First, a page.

• Did the delivery of interventions follow the plan for implementation with accuracy and consistency?
  • Is progress monitoring of the intervention used and adjustments made as needed?
  • Did the intervention match the student's specific need?
If the answer is “no” to any of the above questions, you must first make adjustments to the plan before considering moving the student up a Tier II.

Evidence
  • Does the instruction or the intervention decrease the student's learning gap (learning rate)?
  • Does the intervention reduce the problem behavior and/or increase the desired behavior?
  • Does progress monitoring data determine the intervention to be effective?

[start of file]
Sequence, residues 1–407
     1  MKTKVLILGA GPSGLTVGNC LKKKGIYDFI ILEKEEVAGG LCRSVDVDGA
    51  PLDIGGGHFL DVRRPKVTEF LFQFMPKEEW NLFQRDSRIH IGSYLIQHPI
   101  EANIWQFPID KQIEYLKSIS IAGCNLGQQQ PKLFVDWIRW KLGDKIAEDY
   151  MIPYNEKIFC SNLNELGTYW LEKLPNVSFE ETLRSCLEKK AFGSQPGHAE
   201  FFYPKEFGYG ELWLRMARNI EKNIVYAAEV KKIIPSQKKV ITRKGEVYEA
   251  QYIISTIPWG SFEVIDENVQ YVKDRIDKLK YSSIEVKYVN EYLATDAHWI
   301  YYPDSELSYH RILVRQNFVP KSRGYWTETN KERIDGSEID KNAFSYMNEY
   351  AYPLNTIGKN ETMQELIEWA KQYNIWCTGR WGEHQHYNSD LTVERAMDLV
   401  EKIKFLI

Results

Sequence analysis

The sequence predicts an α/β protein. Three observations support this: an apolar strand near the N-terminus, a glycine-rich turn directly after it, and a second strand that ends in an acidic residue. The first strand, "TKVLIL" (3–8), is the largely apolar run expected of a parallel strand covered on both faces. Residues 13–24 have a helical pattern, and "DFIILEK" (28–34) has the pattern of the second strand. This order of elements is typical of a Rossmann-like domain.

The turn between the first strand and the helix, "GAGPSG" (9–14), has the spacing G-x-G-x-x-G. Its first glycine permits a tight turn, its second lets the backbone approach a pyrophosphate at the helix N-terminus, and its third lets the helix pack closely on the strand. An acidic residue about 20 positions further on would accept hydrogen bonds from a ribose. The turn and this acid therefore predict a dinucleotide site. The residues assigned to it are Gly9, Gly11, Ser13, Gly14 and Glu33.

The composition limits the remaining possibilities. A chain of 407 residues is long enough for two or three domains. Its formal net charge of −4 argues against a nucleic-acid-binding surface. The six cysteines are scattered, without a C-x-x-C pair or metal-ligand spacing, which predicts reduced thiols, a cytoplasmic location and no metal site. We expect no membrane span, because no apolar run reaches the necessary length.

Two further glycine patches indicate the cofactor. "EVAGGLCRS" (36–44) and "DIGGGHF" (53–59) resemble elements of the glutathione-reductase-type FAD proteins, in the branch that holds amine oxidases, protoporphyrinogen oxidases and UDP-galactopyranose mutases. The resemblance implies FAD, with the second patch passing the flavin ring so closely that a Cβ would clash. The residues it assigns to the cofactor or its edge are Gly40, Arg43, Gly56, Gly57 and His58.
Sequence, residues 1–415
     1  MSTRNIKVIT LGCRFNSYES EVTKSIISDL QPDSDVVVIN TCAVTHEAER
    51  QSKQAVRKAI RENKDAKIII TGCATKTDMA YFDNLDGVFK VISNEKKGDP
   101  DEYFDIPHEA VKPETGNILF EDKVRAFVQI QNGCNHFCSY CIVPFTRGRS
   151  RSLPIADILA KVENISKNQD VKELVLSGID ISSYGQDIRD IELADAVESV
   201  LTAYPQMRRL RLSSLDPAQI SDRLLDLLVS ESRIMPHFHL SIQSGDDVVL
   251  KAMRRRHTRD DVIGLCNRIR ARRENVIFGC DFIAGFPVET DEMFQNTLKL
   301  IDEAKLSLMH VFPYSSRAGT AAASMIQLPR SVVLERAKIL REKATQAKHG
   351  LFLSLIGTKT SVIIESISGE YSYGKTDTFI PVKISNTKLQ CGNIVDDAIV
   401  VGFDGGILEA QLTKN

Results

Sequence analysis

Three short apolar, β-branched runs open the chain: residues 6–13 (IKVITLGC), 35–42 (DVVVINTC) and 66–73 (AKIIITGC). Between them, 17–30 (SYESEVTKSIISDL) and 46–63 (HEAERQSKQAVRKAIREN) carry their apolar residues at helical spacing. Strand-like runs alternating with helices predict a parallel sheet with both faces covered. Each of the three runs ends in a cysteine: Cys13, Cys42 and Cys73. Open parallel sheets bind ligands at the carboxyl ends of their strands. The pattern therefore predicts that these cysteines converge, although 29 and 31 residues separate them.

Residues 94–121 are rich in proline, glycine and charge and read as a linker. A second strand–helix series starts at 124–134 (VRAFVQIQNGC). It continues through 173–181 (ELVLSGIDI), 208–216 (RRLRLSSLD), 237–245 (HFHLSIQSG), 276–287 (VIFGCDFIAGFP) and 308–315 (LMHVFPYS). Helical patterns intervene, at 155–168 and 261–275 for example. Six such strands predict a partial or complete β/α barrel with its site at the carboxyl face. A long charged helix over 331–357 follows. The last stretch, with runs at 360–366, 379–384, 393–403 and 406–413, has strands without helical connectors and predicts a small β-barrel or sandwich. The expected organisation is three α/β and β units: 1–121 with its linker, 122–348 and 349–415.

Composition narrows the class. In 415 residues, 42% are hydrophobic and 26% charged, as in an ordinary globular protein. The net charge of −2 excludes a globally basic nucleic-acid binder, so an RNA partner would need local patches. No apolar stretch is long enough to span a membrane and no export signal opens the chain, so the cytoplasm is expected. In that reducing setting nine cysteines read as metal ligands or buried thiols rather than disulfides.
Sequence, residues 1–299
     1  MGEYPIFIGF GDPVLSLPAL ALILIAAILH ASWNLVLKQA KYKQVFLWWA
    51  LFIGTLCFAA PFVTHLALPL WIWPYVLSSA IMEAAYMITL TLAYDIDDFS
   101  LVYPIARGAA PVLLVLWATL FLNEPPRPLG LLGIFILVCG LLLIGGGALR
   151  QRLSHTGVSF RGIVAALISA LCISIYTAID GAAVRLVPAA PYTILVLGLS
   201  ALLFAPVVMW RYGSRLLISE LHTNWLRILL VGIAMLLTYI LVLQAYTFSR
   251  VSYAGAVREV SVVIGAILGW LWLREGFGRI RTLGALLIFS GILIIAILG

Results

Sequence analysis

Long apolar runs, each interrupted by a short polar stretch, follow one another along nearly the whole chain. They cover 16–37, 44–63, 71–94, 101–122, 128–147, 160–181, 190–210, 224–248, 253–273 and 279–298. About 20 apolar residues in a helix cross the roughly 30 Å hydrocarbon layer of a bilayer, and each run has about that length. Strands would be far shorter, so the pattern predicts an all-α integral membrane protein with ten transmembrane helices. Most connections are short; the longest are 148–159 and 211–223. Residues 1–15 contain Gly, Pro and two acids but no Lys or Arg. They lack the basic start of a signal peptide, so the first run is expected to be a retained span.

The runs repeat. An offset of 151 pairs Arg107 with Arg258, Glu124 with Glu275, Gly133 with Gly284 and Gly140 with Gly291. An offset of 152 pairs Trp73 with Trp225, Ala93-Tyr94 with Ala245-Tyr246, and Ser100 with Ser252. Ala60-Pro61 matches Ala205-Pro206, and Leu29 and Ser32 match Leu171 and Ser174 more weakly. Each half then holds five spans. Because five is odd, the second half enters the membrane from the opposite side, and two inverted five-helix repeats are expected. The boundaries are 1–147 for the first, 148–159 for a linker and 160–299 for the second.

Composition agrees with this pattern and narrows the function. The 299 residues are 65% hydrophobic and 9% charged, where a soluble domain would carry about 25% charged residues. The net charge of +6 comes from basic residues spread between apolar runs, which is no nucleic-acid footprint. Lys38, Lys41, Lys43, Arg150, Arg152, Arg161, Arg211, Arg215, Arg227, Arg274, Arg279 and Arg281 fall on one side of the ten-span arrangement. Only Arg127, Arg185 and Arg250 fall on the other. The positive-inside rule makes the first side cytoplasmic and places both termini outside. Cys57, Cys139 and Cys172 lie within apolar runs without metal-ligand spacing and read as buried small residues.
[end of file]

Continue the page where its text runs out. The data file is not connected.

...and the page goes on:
• Does student performance improved as measured by assessment(s)?

Forms, etc.

Form
PDF
Word
Interactive
(open in word)
Tier I/PEP



Intervention Program



Intervention Program Directions

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Intervention Program Examples



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Spanish Tier I/PEP



Parent Document (English)

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Parent Document (Spanish)

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Parent Invitation (English)



Parent Invitation (Spanish)



EC PEP



Directions for EC PEP

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PEP for students instructionally on grade level


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Reflective Questions for Decision Making

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Classroom Performance checklist for language issues